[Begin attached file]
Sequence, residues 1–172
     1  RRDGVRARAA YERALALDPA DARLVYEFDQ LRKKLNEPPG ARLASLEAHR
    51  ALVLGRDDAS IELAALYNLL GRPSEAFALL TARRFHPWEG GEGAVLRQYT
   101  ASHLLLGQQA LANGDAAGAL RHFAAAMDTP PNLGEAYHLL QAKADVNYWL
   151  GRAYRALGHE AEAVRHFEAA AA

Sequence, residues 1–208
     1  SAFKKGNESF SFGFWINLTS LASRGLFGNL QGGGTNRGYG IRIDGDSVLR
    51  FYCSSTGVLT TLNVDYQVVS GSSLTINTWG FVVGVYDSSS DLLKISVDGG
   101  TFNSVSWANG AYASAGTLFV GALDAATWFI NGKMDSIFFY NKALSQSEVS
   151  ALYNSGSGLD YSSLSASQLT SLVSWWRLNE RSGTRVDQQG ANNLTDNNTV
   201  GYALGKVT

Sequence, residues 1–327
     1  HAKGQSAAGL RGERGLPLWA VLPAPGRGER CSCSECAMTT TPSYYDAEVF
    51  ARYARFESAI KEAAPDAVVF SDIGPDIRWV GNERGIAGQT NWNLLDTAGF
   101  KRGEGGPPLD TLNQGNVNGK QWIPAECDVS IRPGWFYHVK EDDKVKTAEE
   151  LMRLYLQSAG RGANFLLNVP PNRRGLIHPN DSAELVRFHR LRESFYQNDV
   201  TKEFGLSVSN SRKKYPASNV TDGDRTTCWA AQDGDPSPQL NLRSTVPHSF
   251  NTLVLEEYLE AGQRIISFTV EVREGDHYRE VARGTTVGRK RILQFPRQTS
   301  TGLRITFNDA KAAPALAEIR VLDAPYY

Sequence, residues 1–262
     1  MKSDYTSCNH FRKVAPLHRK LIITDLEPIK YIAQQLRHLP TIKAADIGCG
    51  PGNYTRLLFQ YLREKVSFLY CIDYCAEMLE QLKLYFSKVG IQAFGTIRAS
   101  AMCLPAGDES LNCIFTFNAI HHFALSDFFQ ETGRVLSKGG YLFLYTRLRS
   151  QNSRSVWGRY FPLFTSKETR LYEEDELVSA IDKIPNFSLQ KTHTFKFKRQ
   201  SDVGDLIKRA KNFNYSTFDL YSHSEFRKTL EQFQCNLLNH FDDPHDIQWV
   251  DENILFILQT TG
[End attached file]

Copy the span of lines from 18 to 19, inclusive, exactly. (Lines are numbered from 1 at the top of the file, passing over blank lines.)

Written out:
   251  NTLVLEEYLE AGQRIISFTV EVREGDHYRE VARGTTVGRK RILQFPRQTS
   301  TGLRITFNDA KAAPALAEIR VLDAPYY